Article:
skeptic: A critical thinker who is an atheist but doesn’t want the hassle of fending off theist hand-waving about burdens of proof.

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Frank October 5, 2010 at 9:20 am

Charles,

I started looking at ehrmann’s stuff and I am thus far not impressed. I will be looking at Gods problem soon.

Steven,

Why didn’t God stop those horrors? I don’t think any answer I give will satisfy most. One theory is that since Christ came 2000 years ago, Satan’s tactics changed. My guess is, that those events were God allowing satan to continue his rebellion and allowing satan to cause maximum damage to show a) how futile satan’s rebellion is, and b) to show the world how evil satan ruled nations are. Nazi germany was the most demonic/occult/paganozed society in modern times, and look how much evil they caused. Stalin was the most godless/atheistic (state enforced) at its time. Don’t get me wrong, many atheists are decent folk, but when atheism is state enforced it is not right.

Stalin and hitler were evil, no one here will dispute that. I can’t speak for God, but these reasons make sense to me. After the cross, God gave us an out to stand against that evil. We can accept Christ, and what He did, or we can reject it, and stay in the world system being run by satan. If we chose satan, we can only expect more of the same kind of evil men coming to power. Except next time its going to be christians, and perhaps muslims being thrown into camps.

And whose to say that God didn’t interven to stop germany? God often used other nations to judge israel when they misbehaved, who’s to say that he didn’t have nations war against germany to stop the holocaust?

At any rate, this is the best explanation I can muster.

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Reginald Selkirk October 5, 2010 at 10:03 am

Nazi germany was the most demonic/occult/paganozed society in modern times, and look how much evil they caused.

“I believe today that my conduct is in accordance with the will of the Almighty Creator.” – Adolf Hitler, Mein Kampf, Vol 1 chapter 2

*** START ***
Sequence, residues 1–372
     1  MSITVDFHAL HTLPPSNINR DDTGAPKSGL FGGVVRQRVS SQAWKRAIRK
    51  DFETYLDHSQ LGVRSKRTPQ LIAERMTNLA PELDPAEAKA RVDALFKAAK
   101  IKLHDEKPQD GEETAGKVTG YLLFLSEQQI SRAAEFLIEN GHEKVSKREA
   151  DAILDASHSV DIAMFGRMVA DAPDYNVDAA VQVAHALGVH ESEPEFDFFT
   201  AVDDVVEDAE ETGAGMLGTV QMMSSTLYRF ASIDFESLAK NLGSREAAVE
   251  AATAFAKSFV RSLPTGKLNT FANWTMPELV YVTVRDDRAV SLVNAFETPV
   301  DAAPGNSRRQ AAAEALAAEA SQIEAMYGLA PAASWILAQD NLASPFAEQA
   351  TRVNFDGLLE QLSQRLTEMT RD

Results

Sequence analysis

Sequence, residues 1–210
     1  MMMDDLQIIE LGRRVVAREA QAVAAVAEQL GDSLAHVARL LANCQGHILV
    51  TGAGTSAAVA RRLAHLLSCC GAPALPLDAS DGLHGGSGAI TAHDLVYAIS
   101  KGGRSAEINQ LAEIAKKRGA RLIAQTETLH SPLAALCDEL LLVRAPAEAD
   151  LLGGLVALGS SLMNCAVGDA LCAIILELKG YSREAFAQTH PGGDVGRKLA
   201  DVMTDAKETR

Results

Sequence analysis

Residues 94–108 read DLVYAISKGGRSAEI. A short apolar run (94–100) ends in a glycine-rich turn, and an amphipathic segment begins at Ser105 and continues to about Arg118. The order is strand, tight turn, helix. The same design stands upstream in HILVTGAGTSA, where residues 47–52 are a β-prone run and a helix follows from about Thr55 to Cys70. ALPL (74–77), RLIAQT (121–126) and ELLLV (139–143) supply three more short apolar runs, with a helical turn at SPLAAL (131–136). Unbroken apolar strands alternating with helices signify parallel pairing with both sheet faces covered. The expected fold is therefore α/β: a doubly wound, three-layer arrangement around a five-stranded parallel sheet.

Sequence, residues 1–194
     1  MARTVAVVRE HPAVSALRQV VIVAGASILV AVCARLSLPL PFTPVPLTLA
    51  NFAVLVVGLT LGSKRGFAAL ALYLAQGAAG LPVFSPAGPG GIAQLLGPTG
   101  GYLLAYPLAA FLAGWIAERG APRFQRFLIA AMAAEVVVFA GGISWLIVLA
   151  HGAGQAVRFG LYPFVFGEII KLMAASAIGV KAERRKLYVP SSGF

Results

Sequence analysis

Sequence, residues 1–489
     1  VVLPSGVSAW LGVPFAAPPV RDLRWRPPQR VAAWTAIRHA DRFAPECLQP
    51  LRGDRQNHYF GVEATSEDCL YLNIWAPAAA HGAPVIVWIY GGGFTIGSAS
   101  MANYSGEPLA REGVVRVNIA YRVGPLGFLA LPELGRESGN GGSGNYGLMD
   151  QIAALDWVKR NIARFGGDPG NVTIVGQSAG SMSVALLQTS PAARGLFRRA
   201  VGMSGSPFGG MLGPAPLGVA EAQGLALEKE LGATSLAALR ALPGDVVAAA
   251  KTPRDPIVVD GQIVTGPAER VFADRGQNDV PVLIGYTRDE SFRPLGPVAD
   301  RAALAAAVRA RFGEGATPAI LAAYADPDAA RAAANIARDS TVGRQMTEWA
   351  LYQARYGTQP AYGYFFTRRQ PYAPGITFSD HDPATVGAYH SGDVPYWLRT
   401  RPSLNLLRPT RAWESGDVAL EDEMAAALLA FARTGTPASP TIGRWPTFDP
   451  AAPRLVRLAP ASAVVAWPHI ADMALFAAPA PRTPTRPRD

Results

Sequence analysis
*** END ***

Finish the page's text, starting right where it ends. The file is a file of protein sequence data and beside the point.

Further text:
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Steven October 5, 2010 at 10:06 am

No. I don’t see how Satan’s tactics have changed. What’s the difference between sacrificing children in the name of a god and gassing children in the name of the Aryan Race? How is plaguing the earth with evil a different tactic?

Second off, I dislike what I call the Christian Soap Opera explanation of evil. What you’re telling me is that God is such an incompetent ruler, the only way he can prove his Only way of proving his abilities is by letting some being rule. Why would an all-powerful, all-knowing and very wise being be so helpless that the only way he can prove the futileness of his enemy’s rebellion and salvage his own reputation as a ruler is by allowing thousands of children to die (shouldn’t the murder of just one person be more than enough proof of evil? And if maximum damage was to be done, why did God stop it? Why not let it take over the whole of Earth? Or let it expand to even more evil?), having adults grow up in an evil civilization, and ultimately stop this evil through mass-warfare, genocide, and other unpleasant (or evil) activities? Besides, why does God even care about proving that Satan is evil? In The Book of Job, God tells Job not to question his actions, so if he’s so bent on having humans go without questioning his actions, why shouldn’t he just demand that humans believe him when he says that Satan is evil? And why is there a rebellion in the first place? I would think that a good ruler would be able to convince everyone about his powers and wisdom, and it seems as if God failed miserably in this respect.